Have you ever heard of this 1937 biographical film? Did you know it won the Oscar for best picture and was a box office and critical success? I hadn't--and now that I've seen it, I know why.
This movie is basically a mess. All of the people in it need to sign up for Overacting Anonymous, and the director needs to remember that people shouldn't hesitate in their lines when they're supposed to be impetuously interrupted by another actor.
Anyway, here's the summary: it's the life of famous French writer, Emile Zola. The film opens with Zola and boyhood friend, Paul Cézanne, living in a crappy apartement and dreaming of being great artistes while espousing the bohemian idéals of truth, beauty, freedom, and love. Then they meet a prostitute and Zola writes Nana, has great success, but sacrifices it all to write J'Accuse and stand up for justice.
First, the narrative of this movie is incomprehensible and boring. If I didn't already know about events like the Franco-Prussian War and The Dreyfus Affair, I would have been utterly confuzzled. Even though it's supposed to be about Zola, we learn really next to nothing about him or his life. I didn't see his kids in the movie at all, his wife is only mentioned by name once (although she does get a good ten minutes of screen time staring at him devotedly while he rambles on about something-or-other), and his infamous row with Cézanne over The Masterpiece never happens. Instead, they remain friends. Like okay? Even more annoying is that during the whole course of the Dreyfus Affair--which is what this movie is really about--no one once mentions that Dreyfus was Jewish and the whole thing was underpinned by antisemitism. Nor do they show Zola dying, or mention that he was probably assassinated for political reasons. Since that's really interesting and dramatic, and would fit into the message the movie appeared to be trying to deliver, I really have to wonder why it was never even alluded to. If the interwebz hadn't been invented yet, I would have sworn the script writers did all their research by reading wikipedia.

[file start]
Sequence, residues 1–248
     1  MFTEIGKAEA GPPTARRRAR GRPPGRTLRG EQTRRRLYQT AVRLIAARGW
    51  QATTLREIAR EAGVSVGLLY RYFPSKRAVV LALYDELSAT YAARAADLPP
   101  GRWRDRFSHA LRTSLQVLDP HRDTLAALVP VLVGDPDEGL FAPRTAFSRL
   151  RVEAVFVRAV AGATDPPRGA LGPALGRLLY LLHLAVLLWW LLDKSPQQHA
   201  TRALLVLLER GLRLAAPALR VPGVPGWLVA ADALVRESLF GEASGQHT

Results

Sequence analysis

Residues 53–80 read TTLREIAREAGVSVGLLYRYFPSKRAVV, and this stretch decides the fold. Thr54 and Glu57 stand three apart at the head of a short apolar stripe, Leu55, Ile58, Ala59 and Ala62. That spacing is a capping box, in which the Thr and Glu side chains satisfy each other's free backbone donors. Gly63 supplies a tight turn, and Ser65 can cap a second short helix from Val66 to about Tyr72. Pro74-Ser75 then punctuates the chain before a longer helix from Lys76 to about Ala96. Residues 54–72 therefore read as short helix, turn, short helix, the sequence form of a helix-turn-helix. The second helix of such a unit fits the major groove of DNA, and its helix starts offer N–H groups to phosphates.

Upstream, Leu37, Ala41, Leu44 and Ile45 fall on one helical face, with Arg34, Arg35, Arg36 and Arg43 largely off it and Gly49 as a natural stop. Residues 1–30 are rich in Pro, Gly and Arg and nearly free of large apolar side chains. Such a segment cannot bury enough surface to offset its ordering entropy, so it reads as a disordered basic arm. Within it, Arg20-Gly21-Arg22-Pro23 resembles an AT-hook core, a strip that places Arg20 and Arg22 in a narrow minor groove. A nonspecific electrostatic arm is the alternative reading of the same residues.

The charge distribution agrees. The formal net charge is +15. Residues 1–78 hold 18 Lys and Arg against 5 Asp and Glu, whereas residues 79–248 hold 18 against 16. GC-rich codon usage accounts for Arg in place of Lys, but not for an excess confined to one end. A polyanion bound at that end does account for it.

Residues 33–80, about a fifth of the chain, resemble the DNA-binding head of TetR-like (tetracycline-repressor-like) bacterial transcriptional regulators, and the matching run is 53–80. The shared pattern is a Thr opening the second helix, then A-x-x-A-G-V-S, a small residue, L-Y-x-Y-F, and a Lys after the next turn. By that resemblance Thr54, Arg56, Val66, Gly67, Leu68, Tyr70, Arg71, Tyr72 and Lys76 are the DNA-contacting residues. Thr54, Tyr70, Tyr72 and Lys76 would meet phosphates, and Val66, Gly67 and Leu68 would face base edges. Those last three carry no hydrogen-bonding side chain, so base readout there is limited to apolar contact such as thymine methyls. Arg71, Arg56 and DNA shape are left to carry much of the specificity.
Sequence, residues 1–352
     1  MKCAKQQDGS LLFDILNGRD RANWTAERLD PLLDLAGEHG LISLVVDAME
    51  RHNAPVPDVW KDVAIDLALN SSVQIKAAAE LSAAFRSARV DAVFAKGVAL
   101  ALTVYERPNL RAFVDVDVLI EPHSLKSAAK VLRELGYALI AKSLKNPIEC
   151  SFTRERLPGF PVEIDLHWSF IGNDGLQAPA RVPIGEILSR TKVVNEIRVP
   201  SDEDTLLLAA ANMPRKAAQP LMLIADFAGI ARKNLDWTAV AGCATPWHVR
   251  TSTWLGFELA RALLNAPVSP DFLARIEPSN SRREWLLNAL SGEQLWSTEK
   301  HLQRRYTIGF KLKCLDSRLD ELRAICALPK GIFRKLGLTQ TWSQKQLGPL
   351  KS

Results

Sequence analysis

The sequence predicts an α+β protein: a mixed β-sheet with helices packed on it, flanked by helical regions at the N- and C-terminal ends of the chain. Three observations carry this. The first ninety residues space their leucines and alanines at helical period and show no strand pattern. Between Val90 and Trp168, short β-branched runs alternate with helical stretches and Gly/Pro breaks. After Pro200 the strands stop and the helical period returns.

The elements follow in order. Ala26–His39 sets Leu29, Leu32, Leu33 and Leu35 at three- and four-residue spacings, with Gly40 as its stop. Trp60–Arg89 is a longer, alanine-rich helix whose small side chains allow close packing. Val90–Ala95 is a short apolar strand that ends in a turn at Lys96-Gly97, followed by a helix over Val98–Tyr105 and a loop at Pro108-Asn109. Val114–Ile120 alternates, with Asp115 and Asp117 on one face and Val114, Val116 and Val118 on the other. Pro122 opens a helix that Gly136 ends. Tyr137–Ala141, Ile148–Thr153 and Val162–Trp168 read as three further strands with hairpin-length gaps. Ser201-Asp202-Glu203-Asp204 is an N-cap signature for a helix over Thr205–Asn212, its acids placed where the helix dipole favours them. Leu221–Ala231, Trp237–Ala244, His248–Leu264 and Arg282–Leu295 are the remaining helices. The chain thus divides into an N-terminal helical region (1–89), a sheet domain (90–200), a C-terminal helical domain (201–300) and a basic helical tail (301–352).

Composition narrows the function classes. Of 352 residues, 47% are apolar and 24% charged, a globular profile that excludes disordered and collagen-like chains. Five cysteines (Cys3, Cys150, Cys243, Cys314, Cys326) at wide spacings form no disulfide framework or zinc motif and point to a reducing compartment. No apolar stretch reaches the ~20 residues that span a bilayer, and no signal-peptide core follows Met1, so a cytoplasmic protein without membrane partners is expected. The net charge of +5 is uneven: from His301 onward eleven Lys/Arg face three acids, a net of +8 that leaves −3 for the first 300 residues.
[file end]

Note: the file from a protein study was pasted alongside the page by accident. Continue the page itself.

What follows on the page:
Now for the acting, which is ridonkulous. By far the most annoying actor in the entire movie was Gale Sondergaard, who played Madame Dreyfus. She. Was. TERRIBLE! Like the worst thing I've ever seen in my entire life. Whenever she came on screen I just had to groan. Paul Muni was okay--he did manage to look like Zola, although he didn't behave at all the way I imagine Zola would. He also spent the entire courtroom scene looking like he was either bored or sleeping. Honestly, I'm pretty sure I saw him with his eyes closed for about ten minutes during cross-examination.
Surprisingly, the only part of the movie I liked was Vladimir Sokoloff as Paul Cézanne. Usually I hate Cézanne, but Sokoloff's version of him was pretty awesome. And his acting was so much better than everyone else's--much more naturalistic and believable.
Overall, I'd say this movie is a big fat skip. It's neither entertaining nor informative, and I will never get those two hours of my life back.
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